Often workers or community organizational members do not fully recognize, understand or value the importance and evaluation process. For the worker, s/he is concerned if evaluation results in improved job training, job satisfaction and retention. Community program and its organization members depend on grants and program support to solving community social issues or addressing specific problems. My position reviews key evaluation concepts and its importance to a company employee or community member or for social program issue success.
Finally, I have provided a video link showing an instructional system design evaluation video presentation on organizational training. The presenter references Donald Kirkpatrick model (about 5:30 into video). The video duration is 10 minutes. The video offers information for your self-learning. Viewing the video is not required to evaluate my blog.
Evaluation is a disciplined inquiry to determine the worthy of programs, products, procedures or objects. (Kifer, E. in G.F. Anglin, 1995, p. 35)
In companies, evaluation is valuable because it serves to save a business from wasting valuable resources, including time and labor, and the product produced assures an adequate and efficient financial return. For community organization, evaluation serves to determine if programs or selected intervention aspects are appropriate and effective. Adequate, appropriate, efficient and effective are terms associated with the process of evaluation. (Thompson, NJ & McClintock, HO (2000) p. 7)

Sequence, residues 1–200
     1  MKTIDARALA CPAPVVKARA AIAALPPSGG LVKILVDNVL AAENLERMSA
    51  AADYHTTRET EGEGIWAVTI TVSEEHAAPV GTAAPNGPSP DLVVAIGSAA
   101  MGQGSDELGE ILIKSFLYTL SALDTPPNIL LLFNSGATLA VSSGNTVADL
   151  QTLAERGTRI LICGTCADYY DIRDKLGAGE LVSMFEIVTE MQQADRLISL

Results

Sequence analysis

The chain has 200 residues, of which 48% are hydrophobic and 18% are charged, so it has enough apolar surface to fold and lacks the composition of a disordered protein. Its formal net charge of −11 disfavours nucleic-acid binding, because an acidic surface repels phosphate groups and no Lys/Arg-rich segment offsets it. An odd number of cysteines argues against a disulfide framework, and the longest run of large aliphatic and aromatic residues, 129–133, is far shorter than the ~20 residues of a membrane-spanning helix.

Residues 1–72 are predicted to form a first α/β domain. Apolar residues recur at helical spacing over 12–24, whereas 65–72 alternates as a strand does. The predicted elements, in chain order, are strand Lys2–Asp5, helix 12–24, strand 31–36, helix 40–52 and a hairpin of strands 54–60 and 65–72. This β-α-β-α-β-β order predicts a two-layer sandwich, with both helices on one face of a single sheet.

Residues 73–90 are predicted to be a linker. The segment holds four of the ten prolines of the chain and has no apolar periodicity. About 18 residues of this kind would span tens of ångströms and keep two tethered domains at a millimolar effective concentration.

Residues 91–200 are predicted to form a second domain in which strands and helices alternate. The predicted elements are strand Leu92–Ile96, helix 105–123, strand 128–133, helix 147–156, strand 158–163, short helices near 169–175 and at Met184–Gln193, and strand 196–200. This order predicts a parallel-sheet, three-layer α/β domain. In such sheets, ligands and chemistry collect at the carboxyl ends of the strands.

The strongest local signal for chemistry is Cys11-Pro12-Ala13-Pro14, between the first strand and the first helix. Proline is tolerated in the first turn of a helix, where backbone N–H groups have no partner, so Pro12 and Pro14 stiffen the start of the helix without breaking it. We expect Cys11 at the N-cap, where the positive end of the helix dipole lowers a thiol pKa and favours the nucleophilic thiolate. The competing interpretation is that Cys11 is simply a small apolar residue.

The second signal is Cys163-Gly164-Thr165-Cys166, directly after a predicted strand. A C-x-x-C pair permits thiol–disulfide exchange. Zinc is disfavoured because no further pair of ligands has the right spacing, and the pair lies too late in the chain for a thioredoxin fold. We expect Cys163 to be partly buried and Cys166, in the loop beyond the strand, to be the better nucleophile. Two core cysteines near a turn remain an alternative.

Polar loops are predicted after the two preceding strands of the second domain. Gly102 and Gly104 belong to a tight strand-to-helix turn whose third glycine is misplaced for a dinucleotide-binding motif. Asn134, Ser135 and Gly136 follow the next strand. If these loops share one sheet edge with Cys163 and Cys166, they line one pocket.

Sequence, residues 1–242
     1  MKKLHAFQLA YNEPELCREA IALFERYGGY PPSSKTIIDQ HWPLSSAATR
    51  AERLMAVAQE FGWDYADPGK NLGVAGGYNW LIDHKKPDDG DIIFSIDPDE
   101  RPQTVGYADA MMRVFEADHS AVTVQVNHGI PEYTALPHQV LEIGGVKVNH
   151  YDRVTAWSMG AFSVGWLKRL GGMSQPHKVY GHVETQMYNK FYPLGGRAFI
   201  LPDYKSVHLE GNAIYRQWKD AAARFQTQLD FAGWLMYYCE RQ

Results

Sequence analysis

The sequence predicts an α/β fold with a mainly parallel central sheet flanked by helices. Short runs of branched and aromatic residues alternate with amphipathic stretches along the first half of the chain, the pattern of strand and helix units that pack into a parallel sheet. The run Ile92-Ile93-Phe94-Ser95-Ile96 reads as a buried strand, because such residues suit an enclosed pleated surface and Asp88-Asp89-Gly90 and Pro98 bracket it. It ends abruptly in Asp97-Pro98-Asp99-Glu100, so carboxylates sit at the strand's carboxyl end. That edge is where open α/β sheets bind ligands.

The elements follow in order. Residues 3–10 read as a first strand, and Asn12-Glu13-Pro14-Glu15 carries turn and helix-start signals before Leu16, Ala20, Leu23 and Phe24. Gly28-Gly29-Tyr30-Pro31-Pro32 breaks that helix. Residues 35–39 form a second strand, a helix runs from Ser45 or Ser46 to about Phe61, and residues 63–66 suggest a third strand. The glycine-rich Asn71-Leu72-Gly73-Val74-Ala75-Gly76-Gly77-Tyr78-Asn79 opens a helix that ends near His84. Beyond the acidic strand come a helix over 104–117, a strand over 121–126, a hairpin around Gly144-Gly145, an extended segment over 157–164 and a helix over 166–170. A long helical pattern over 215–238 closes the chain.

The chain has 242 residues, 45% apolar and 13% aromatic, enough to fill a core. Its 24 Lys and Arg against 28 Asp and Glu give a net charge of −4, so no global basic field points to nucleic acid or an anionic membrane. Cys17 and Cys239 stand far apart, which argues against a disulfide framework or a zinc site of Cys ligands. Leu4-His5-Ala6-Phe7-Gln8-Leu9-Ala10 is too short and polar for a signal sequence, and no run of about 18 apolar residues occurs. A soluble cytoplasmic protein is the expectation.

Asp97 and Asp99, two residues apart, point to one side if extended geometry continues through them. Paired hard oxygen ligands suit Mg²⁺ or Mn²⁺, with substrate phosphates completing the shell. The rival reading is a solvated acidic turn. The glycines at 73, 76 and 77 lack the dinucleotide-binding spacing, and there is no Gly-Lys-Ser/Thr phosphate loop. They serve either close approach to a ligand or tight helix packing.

Often business managers and workers believe that their work is producing desired results, but lack quantifiable evidence to demonstrate the organization or program success. Evaluation serves as that component evidence. Effective evaluation results in increased production, improved quality, decreased costs, reduced frequency of injuries, or protection of capital resources, and higher profits (Kirkpatrick, 1998, p. 23)
Community programs, interventions or strategies that produce successful results, facts and data are more likely to receive future funding or grant support. Those programs or interventions that are inappropriate and ineffective are less likely, and rightly so, to receive future financial or public support.
What Evaluation Supports:
A common belief is evaluation only demonstrates what is wrong; while this may be true, it also allows a business or community program manager to improve the situation. All evaluation produces four informational categories, first it informs a program is successfully working, second program improvement is required, third new informational data is required, and fourth information data indicates the program / intervention needs improvement. (Thompson, NJ, 2000, p. 10-11)
Kirkpatrick (1998) describes in general terms why business evaluation training is needed: to justify the existence of a training program ‘by showing how it contributes to the organizational objectives and goals”, to continue or discontinue program training, and gain information to improve future training. (Kirkpatrick, 1998, chapter 2, p. 16)